Washington lawmakers expect to pass an initiative out of committee Friday allowing police to initiate a car chase if they suspect a person in a car has broken any law, significantly loosening regulations around police pursuits. If the Legislature passes the initiative, which they look likely to do, law enforcement agencies would be allowed to expand their use of pursuits beyond just the most serious crimes. Lawmakers previously sought to restrict police car chases due to their often deadly consequences. Studies show that in recent years such chases have killed on average two people per day across the US. 

At a joint House and Senate committee hearing Wednesday scheduled to discuss Initiative 2113, staff explained that it would allow police to start a car chase if officers had any reason to believe the person violated any law.

Several lawmakers asked staff some pointed questions about the bill to highlight the dangers of police pursuits, referencing a new investigative report from the San Francisco Chronicle.

The Chronicle’s reporting found that the number of people killed in police pursuits soared in recent years, with 2020 and 2021 being the “deadliest on record.” The investigation also showed that pursuits were four times more likely to kill Black people than white people, and that statistic held true “whether the person is a suspect, a passenger in a fleeing vehicle or a bystander.” When reviewing police pursuit cases where a person died, the Chronicle found that the vast majority people died over “traffic infractions, nonviolent crimes, or no crime at all.” 

Right now, Washington law prevents vehicle pursuits over low-level crimes like these, but libertarian hedge fund manager Brian Heywood, the financial backer of the initiative, told lawmakers the state needed to relax standards for police pursuits because cops feel disempowered to chase people. 

Heywood pointed to an incident on Tuesday where someone allegedly raped a woman in a bathroom at Bellevue College. He said police at one point believed they saw the suspect in a car, but they felt they couldn’t chase the person. Sen. Jesse Salomon (D-Shoreline) pointed out that the current law allows police officers to pursue if they have a reasonable suspicion the person committed a sex offense or a violent offense, and so Heywood’s example “doesn’t square with what the law is.”

Heywood then defended his example, saying from what he understood police did not pursue because they weren’t completely convinced the driver had committed the crime and did not feel they had the authority to chase them. At the very least, the new law has “caused confusion on what people feel like they are allowed to do,” Heywood argued. 

But Heywood got basically everything wrong about what happened in Bellevue, apart from the fact of a reported rape. Bellevue Police Spokesperson Seth Tyler said in an unrelated incident police spotted a stolen vehicle near the college with people inside who did not match the description of the suspect. Police tried to pull that car over and it fled, at which point police stopped pursuing. Tyler added that the Bellevue Police Department has a more restrictive policy on police pursuits than state law, and so they would not have pursued the driver regardless of whether this initiative was in place.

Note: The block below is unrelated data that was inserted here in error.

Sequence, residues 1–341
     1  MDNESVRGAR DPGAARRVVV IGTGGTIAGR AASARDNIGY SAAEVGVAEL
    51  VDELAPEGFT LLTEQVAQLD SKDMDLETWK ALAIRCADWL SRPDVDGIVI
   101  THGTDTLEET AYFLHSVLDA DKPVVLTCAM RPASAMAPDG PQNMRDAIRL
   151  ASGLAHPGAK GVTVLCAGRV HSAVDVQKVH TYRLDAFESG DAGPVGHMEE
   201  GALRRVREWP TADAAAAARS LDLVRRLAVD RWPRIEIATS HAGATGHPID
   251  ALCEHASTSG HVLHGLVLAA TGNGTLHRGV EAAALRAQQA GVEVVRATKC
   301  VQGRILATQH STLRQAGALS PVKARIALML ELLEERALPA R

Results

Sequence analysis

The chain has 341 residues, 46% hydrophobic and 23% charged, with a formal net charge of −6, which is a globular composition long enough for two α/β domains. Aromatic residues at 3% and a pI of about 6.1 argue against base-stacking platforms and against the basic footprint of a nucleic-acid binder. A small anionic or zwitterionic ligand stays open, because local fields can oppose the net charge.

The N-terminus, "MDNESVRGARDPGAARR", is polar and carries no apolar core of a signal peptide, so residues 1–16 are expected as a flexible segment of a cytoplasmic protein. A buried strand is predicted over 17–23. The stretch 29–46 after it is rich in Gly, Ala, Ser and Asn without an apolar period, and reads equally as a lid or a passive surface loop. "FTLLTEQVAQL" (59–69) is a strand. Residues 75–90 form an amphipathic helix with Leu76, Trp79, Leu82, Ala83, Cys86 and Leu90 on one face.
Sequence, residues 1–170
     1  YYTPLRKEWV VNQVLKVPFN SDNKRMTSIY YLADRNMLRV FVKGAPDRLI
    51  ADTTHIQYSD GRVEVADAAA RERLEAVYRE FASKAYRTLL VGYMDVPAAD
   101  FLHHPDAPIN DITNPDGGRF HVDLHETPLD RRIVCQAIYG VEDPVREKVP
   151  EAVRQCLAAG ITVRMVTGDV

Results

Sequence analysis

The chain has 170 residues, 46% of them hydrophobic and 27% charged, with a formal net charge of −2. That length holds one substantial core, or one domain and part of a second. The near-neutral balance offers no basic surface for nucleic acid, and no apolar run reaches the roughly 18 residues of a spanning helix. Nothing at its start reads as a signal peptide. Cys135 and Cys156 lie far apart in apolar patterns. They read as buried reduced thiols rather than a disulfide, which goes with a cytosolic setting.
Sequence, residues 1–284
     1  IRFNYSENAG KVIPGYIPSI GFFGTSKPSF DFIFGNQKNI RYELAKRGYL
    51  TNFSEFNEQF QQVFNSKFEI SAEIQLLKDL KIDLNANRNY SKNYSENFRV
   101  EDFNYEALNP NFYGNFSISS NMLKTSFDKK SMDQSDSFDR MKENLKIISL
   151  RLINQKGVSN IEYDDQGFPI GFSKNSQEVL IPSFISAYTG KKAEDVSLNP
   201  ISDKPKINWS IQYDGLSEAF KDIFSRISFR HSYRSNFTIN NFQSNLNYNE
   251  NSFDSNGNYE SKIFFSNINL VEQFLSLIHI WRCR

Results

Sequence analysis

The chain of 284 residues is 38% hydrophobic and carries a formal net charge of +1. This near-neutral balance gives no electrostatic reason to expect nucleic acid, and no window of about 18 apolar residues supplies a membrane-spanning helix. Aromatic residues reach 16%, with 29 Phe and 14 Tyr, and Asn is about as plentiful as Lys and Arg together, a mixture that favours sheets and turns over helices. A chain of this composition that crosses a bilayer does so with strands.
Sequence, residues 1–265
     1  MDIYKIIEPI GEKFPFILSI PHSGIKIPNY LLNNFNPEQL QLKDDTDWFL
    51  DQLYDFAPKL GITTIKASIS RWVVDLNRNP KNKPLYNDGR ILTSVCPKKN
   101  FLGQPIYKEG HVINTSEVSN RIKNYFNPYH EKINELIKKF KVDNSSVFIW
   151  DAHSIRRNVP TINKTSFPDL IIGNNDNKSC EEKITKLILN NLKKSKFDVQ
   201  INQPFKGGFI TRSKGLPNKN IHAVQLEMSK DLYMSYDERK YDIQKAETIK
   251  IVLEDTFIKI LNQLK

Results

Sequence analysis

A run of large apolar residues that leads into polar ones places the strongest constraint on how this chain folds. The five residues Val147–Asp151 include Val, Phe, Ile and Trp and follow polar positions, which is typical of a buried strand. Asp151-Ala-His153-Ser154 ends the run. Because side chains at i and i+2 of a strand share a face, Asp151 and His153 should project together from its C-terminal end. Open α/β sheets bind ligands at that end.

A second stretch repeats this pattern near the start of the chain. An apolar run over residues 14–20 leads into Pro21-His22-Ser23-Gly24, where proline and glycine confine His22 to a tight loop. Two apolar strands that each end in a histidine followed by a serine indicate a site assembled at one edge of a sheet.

However, Heywood’s misinformation about how the current law let an alleged rapist go free and other false narratives around the way current laws stymie police pursuits seem to be winning the day. Despite some pushback from lawmakers in the hearing about the dangers of police pursuits, State Representative Roger Goodman (D-Kirkland), who chairs the House Community Safety, Justice, and Reentry Committee, said he expects the initiative to pass out of his committee, and he plans to support it despite his past opposition to relaxing police pursuit policies. The Senate expects to do the same.

Goodman said he believed all this “police can’t chase criminals” rhetoric would sway people to vote for the initiative come November anyway. Hyperbolic phrases like that make for a much easier campaign platform than explaining to people, “Actually, cops can chase criminals, but only when they have probable cause, and it's for a really serious, violent crime, or domestic violence, or driving under the influence.”

Goodman also said he felt alright passing the initiative because it does not change other parts of state law, such as a requirement for officers to undergo extra training to be eligible to initiate pursuits and for officers to perform a balancing test of whether they create more danger chasing someone then letting them go. 

Goodman’s choice to take solace in these last vestiges of police pursuit reform seems to signal his and other lawmakers’ unwillingness to go another round on this issue. Unlike other initiatives that legislators plan to pass this session, no one seems to have a strategic plan to make changes to statewide pursuit policy next session. Of course, that dynamic may change given the high likelihood that police may end up killing innocent bystanders while pursuing people for stealing televisions if departments across the state adopt laxer policies. Maybe then lawmakers can finally create a pithy slogan to support bans on deadly, high-speed pursuits over low-level, nonviolent crimes.